Aurora Labs proves Rapid Manufacturing Technology’s scalability at high build speeds

February 15, 2019

February 15, 2019

Aurora Labs proves Rapid Manufacturing Technology's scalability at high build speeds

A pump valve produced using Aurora Labs’ Rapid Manufacturing Technology (Courtesy Aurora Labs)


Aurora Labs, Bibra Lake, Australia, has complete the current phase of testing for its Rapid Manufacturing Technology (RMT) for metal Additive Manufacturing, and reports that it has demonstrated the scalable nature of the technology while achieving high build speeds of 113 kg/day. According to Aurora, this makes RMT approximately fifty-five times faster than the nearest comparable machine speed (estimated to be 1.96 kg/day).

In conventional Additive Manufacturing processes, a digital part design is run through software which ‘slices’ it into a series of thin layers. The machine then deposits a very thin layer of powder on the print bed and builds the first ‘slice’ of the part using a laser or electron beam to scan the surface of the powder bed, melting and fusing the powder in the shape and dimensions of the slice. This process is repeated until every slice has been built.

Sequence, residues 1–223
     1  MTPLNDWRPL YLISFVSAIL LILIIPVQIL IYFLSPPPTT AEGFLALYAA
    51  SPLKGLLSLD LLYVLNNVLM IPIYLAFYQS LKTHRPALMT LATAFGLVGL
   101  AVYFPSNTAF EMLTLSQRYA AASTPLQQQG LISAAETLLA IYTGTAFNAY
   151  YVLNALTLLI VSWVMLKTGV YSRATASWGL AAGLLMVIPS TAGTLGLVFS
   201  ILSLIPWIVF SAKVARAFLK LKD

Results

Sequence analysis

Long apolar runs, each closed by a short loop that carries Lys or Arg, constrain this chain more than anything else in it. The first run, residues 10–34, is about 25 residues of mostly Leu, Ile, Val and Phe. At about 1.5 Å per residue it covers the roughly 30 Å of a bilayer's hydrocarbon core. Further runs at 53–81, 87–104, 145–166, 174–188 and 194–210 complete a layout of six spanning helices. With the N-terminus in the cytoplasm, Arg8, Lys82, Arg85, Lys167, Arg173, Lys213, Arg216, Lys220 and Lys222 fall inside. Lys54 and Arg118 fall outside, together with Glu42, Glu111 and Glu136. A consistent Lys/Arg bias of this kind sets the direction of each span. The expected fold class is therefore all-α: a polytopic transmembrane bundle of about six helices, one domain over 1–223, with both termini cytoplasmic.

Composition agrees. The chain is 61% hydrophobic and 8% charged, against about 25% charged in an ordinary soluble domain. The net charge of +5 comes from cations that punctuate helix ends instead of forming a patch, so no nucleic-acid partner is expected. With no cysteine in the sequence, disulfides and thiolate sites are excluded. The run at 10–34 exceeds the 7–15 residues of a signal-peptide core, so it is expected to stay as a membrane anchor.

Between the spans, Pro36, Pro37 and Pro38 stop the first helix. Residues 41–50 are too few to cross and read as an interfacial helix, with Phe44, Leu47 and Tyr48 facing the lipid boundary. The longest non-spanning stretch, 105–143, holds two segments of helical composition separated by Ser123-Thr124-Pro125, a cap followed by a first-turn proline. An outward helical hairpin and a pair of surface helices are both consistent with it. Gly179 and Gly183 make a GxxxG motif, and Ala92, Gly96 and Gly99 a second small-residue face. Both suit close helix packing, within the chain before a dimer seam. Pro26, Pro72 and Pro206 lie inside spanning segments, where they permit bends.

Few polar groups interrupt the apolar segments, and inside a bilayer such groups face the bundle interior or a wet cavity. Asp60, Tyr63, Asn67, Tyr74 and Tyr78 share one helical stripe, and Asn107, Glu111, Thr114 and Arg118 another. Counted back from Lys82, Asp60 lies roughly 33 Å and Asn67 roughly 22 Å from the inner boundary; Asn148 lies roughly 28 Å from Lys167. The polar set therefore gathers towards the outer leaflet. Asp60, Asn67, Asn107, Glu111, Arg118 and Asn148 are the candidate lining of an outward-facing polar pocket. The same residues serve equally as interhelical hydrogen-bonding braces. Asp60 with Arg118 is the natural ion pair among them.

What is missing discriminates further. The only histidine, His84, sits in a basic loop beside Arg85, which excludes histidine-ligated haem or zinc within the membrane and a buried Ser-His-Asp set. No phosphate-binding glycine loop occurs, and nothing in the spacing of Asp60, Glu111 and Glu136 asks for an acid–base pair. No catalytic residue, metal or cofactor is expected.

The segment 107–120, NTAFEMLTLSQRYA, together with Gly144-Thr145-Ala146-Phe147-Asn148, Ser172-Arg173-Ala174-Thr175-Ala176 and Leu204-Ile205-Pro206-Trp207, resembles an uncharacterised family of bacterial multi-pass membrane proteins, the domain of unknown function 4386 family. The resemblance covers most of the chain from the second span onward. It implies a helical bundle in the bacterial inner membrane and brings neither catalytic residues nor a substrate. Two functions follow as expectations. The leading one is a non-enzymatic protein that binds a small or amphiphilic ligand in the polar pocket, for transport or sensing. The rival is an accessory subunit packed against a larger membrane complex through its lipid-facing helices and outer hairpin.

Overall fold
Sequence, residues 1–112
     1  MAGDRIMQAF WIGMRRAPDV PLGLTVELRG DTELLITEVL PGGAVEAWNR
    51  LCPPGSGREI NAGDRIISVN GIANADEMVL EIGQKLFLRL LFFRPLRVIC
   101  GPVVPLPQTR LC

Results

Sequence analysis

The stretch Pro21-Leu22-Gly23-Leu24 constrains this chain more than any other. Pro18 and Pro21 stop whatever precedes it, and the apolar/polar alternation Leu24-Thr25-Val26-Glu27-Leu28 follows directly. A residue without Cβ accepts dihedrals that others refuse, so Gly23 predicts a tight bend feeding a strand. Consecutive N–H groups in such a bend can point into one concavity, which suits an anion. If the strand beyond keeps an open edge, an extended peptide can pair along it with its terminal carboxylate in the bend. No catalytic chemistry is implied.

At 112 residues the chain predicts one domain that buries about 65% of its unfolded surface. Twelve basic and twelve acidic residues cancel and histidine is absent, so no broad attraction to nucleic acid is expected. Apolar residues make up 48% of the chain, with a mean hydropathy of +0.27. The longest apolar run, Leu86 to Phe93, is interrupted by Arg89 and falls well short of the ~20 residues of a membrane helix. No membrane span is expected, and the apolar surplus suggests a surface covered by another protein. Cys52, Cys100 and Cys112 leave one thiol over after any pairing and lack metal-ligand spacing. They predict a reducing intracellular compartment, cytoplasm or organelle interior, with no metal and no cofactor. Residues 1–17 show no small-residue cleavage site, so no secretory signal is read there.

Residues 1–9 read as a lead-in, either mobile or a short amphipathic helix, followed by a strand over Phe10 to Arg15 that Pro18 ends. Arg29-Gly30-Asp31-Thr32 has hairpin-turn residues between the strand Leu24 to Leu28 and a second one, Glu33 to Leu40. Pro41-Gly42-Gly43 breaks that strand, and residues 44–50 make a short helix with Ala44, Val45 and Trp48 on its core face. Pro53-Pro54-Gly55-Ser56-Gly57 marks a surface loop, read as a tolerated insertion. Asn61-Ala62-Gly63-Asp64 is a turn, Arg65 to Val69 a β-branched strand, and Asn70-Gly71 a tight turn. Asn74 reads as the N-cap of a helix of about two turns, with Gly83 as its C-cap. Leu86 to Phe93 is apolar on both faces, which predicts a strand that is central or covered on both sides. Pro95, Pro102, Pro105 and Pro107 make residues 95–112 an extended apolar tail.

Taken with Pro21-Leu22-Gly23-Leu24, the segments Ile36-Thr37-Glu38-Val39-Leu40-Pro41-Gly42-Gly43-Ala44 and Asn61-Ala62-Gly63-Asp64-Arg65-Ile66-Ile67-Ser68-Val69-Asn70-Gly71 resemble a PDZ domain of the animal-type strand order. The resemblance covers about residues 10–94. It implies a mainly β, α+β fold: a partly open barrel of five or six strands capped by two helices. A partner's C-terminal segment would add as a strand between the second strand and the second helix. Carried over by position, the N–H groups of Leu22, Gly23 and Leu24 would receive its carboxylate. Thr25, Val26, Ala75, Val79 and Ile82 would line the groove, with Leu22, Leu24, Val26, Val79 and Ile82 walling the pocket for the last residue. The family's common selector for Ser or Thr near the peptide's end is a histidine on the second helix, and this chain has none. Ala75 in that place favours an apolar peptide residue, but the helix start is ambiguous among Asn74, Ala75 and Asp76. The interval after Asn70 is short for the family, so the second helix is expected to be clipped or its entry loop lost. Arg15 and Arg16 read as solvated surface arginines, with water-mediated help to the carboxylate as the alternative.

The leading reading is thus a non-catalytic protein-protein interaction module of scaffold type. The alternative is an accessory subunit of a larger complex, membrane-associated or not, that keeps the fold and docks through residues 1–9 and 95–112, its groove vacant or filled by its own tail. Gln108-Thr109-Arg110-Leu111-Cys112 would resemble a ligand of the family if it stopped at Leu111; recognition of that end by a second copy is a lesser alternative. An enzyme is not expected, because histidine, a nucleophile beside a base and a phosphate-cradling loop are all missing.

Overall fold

By comparison, Aurora’s Multilevel Concurrent Printing (MCPTM) process deposits multiple layers of powder at the same time. During the powder laying process, building can take place behind each individual powder gate, meaning that the part build can occur on multiple operative surfaces simultaneously.

From its inception, MCP technology has reportedly been designed to be scalable to manufacturing requirements. Aurora’s Alpha machine, on which the majority of its testing is carried out, has a single sub-unit. It has now been modified to include the connection of two sub-units working together, effectively doubling the speed capacity of the single-unit configuration.

This scaling process is expected to allow Aurora to scale its process to virtually any size and capacity, with the large format said to be able to build up to 1000 kg/day with multiple sub-units contained within it. By combining MCP and its ability to scale, Aurora stated that it has identified a pathway to very high-speed large format Additive Manufacturing, providing major companies with a solution to their parts needs.

David Budge, Aurora’s Managing Director, commented, “This step in the development of the technology is the latest in a long line of impressive developments since the company’s inception in 2014. Printing on multiple levels simultaneously at high speed is what we believe will ultimately allow us to print up to 1000 kg in one day.”

“A large portion of the groups that Aurora is currently in discussion with are interested in replaceable parts and the capability of replacing them directly using Additive Manufacturing or redesigning them using the advantages of 3D printing with superior materials to deliver a superior product at a cost-competitive price,” he continued.

“The primary factor in delivering an end-product cost-competitive with traditional manufacturing is the speed of the machine. This is why Aurora is looking outside traditional 3D printing markets to sectors like mining, oil & gas, marine and automotive. The year ahead is looking extremely exciting.”

February 15, 2019

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